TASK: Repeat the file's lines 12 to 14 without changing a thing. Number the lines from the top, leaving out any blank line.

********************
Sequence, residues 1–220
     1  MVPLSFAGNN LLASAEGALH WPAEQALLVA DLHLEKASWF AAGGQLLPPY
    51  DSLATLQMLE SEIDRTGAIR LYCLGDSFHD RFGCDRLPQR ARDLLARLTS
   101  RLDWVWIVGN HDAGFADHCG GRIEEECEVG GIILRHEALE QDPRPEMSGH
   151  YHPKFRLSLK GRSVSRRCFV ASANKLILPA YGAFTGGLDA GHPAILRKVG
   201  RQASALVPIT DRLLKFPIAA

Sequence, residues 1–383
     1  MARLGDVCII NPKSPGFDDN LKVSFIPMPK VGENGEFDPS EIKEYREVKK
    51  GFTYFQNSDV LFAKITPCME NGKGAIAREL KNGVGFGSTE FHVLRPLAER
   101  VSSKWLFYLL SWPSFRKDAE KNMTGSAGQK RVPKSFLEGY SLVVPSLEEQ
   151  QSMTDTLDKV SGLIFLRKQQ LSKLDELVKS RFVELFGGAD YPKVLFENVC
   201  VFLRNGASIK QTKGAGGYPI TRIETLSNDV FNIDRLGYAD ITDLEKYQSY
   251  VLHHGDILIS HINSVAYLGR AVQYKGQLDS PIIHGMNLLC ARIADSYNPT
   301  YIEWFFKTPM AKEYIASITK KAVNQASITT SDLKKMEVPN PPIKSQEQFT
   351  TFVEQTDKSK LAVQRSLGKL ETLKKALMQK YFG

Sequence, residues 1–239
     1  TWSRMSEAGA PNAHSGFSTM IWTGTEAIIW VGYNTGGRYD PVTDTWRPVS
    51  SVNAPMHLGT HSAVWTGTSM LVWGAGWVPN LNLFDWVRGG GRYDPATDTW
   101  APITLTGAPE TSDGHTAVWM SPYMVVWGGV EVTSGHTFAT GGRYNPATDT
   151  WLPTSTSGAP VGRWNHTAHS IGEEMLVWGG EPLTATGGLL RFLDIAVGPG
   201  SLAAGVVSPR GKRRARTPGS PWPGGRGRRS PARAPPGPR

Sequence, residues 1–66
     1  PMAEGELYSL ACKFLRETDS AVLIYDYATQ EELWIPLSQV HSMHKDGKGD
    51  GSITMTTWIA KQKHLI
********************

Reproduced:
   201  VFLRNGASIK QTKGAGGYPI TRIETLSNDV FNIDRLGYAD ITDLEKYQSY
   251  VLHHGDILIS HINSVAYLGR AVQYKGQLDS PIIHGMNLLC ARIADSYNPT
   301  YIEWFFKTPM AKEYIASITK KAVNQASITT SDLKKMEVPN PPIKSQEQFT